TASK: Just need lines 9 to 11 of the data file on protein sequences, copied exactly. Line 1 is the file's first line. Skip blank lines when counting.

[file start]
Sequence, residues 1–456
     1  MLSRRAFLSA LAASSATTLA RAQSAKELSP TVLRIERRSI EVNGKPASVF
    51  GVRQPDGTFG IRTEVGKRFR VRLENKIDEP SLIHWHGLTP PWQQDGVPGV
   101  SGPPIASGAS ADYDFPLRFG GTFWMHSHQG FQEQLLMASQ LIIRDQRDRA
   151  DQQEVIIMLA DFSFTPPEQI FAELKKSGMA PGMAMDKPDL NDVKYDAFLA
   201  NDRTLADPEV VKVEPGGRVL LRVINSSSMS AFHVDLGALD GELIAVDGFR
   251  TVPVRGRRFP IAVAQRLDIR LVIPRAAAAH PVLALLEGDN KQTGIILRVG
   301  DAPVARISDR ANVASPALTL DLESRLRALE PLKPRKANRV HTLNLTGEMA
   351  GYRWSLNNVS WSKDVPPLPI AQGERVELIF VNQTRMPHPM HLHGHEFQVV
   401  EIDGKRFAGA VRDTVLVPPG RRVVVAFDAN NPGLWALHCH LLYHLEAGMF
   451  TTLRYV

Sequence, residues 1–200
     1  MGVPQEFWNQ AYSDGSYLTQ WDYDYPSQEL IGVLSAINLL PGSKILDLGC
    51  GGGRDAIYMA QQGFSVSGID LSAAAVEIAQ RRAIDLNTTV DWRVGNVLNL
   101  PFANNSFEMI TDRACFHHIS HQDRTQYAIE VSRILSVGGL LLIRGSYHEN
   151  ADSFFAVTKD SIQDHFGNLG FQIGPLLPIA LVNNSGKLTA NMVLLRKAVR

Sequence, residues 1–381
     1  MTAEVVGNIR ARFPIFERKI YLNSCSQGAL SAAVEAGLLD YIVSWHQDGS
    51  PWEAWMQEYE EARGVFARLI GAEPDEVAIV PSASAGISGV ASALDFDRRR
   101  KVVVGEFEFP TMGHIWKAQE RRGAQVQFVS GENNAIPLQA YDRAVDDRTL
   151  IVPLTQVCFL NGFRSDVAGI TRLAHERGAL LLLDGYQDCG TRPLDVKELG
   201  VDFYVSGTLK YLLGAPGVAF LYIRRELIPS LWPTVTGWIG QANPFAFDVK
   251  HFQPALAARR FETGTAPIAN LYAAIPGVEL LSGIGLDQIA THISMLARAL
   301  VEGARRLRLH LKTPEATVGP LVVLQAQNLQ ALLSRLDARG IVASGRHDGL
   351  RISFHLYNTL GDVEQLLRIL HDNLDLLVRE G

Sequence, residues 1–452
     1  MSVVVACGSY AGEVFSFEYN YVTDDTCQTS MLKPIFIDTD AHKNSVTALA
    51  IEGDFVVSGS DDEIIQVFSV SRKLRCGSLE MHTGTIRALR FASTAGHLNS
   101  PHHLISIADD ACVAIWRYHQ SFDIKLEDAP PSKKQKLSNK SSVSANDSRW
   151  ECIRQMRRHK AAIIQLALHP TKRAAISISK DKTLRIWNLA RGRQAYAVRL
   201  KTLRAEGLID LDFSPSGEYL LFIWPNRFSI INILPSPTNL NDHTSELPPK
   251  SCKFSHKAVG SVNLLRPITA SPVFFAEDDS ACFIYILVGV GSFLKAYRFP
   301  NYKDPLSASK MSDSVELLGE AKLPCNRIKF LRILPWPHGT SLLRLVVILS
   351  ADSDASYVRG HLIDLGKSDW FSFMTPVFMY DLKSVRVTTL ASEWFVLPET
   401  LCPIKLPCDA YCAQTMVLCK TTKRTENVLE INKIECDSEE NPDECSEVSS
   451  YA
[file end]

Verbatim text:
   351  GYRWSLNNVS WSKDVPPLPI AQGERVELIF VNQTRMPHPM HLHGHEFQVV
   401  EIDGKRFAGA VRDTVLVPPG RRVVVAFDAN NPGLWALHCH LLYHLEAGMF
   451  TTLRYV